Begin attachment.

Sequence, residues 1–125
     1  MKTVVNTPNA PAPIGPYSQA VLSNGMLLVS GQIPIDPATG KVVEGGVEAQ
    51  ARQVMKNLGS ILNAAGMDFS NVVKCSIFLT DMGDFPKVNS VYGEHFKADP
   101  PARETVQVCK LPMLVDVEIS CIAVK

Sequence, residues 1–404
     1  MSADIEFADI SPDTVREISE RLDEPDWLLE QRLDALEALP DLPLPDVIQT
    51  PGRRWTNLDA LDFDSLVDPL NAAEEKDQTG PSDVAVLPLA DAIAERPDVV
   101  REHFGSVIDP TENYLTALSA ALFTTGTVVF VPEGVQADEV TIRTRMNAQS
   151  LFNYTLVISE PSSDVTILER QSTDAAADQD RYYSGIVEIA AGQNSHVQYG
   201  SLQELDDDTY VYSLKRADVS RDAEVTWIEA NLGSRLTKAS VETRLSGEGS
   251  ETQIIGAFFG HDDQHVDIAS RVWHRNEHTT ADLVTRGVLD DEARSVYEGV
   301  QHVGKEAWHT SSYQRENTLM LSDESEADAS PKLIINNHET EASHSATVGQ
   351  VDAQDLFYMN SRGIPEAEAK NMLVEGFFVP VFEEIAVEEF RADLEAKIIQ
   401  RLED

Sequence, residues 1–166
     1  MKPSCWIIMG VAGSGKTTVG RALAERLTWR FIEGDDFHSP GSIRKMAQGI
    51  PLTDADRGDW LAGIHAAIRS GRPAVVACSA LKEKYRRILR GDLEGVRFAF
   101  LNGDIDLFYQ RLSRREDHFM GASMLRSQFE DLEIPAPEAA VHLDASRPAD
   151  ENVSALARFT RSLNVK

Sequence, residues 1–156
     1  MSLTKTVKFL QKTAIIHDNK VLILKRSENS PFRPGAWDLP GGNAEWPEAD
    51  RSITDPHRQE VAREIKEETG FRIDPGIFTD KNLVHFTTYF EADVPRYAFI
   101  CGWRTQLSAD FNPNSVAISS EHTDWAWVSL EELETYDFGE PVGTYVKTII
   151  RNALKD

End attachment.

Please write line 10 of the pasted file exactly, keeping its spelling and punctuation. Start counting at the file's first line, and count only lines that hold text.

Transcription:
   201  SLQELDDDTY VYSLKRADVS RDAEVTWIEA NLGSRLTKAS VETRLSGEGS